Over lunch a while back, a friend asked if I was angry at God. Close loved ones are going through trials that, while not immediately life threatening, are a mixture of exhausting, overwhelming, and stressful. These things are not happening directly to me, but they are directly affecting me in ways that bear some of the same results.
As I told my friend, anger isn’t my go-to emotion when I’m confronted with difficult or seemingly unfair situations. When I react negatively, it usually looks more like anxiety or worry.
But whether my response is worry, anger, or something else entirely, one thing is sure: What I think influences how I feel. And when I find myself veering off into the emotional morass of the whys or the what-ifs, what I believe about God is my anchor.
What is true about God doesn’t change according to my circumstances. He is the same yesterday, today and forever.
My name is engraved on the palm of His hand. He loves me with an everlasting love. He goes before me and is with me. He will never leave me nor forsake me. These are truths, not clichés. They are not metaphorically hidden in the pages of scripture. They are spelled out clearly and plainly.
So who am I to think that God’s love ceases to apply to me when something in my life goes wrong? Am I the exception to His promises, His truth, His sovereignty? When trials come, as He explicitly promised they would, does His character bypass me or my loved ones?
These are rhetorical questions, of course, but they are worth considering. Worth answering honestly.
The heart of the matter is this: God is entirely who He says He is all the time, or He isn’t who He says He is at all. It’s that simple, and also that mind-blowing.
This is the essence of faith, I think. Fiercely clinging to the truth about God—to what the Bible says about His character and His ways—no matter what. No matter how I feel. No matter what someone else does or says. No matter what is happening to people I love. No matter how long it takes God to act on their behalf, or mine, if He chooses to act at all.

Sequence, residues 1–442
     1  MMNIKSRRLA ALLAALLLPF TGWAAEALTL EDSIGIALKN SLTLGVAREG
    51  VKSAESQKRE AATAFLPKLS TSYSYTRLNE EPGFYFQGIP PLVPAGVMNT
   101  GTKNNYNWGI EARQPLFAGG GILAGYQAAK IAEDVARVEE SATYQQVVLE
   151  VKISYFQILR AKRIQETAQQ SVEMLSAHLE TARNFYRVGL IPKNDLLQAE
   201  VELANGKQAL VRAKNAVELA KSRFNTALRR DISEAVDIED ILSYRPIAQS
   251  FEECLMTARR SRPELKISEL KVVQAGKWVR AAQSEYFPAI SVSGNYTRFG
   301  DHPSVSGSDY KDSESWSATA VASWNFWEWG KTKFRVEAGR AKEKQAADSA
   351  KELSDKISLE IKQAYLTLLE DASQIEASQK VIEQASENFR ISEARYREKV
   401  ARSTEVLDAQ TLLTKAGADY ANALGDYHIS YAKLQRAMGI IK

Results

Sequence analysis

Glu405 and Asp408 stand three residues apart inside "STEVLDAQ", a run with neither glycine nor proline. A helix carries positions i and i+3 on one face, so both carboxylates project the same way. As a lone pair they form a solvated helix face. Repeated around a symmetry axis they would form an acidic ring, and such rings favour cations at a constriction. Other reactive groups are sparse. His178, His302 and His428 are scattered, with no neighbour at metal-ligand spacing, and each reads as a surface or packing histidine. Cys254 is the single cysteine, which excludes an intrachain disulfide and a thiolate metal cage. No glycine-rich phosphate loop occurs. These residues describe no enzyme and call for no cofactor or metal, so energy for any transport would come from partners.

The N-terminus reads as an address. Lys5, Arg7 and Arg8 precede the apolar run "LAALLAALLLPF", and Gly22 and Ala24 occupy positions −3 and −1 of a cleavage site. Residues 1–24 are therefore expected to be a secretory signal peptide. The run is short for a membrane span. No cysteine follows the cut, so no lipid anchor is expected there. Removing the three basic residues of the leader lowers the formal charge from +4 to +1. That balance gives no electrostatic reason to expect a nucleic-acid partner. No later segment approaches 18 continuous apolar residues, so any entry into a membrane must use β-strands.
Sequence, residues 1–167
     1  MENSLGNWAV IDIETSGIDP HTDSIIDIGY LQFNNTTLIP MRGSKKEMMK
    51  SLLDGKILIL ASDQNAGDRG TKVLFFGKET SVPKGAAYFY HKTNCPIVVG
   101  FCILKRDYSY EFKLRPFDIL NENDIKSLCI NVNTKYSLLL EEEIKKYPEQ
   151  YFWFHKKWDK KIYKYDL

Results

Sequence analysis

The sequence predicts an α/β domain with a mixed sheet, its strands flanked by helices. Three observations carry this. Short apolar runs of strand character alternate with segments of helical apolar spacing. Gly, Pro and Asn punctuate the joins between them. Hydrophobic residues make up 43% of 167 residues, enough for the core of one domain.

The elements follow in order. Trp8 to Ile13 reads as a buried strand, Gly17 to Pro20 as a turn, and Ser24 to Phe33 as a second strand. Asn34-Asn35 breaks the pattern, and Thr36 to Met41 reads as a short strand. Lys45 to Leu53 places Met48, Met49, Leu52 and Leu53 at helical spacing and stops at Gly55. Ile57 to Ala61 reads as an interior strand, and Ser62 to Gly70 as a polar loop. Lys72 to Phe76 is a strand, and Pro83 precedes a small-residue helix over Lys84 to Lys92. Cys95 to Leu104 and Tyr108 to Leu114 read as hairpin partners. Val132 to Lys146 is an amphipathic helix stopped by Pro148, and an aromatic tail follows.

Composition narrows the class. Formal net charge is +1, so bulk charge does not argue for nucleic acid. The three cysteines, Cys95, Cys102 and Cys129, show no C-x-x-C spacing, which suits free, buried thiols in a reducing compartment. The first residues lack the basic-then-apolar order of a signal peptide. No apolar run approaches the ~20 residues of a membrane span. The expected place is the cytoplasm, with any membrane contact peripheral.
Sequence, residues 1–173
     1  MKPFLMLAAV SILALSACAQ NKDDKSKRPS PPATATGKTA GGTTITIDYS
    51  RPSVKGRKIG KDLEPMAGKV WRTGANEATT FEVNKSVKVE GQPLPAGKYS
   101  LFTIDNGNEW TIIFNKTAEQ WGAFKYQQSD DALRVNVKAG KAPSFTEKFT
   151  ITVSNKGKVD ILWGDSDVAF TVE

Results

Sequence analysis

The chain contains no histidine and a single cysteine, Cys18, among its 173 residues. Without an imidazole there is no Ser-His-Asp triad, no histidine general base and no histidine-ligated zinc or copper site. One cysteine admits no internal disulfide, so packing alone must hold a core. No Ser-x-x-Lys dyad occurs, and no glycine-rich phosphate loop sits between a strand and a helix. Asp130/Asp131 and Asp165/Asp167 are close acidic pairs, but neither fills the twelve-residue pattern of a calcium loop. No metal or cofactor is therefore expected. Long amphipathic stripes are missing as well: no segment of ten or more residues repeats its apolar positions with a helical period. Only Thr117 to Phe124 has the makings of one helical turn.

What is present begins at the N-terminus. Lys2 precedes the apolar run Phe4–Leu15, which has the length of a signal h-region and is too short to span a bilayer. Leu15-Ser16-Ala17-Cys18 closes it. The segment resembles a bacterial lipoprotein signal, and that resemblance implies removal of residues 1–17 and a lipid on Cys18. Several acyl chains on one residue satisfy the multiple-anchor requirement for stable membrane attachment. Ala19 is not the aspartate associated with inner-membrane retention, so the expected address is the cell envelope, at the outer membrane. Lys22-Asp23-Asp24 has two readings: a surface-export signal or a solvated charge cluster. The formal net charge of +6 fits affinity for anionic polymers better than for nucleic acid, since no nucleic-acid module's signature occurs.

These are not the words of someone who thinks more highly of herself and her faith than she ought. Trust me—I’ve got my own ugly batch of shortcomings and weaknesses, and there are plenty of times when I feel like I’m one step away from complete disaster.
But God—now He is infinitely faithful and trustworthy. He cannot lie, He cannot fail, He cannot cease to be who He is. I’m holding fast to that, and it is informing how I feel about what is happening around me.
Here’s the thing. When people hurt us or bad things happen and our human minds struggle to reconcile what we’re experiencing or witnessing with what we believe, it’s natural to respond with doubt, fear, anger or disappointment. After a time, though, these attitudes can take up so much room in our minds or appear so insurmountable that we start to imagine even God’s grace can’t overcome them.
Maybe we don’t even want it to, if we get right down to it. Maybe sticking with our doubt, our anger or our fear feels safer and more comfortable than throwing our lot wholeheartedly with the God who has somehow not lived up to our expectations.
But our feelings—about God or our circumstances—don’t change who He is. They don’t negate the work His Son did on the cross for us. They don’t remove us from His family.
As I read through the Bible and write down the names of God, I’m starting to notice how often He is referred to in terms of His protection for us. He’s our rock, the stronghold of our life, our strength, our shield, the mountain where we seek refuge and so on.
It occurs to me that, in addition to all the external enemies God protects us from, He also stands ready to save us from our feelings. The deeply entrenched disillusionment caused by the bad choices of other people. The periods of anger that stem from the circumstances we don’t understand. The forehead-pinching worry about how that next procedure is going to turn out. The fear of what lies ahead that keeps us awake all hours of the night.
All that and more.
I don’t know about you, but I’m tired of allowing all these feelings—as real and valid as they may be—to control my mind and heart. One by one, day by day, I’m attempting to cast them at the feet of Jesus—the only One who has any power to do anything about them anyway.
So, in answer to my friend’s question, no, I’m not angry at God. But if I ever am, He’ll be the first to know about it.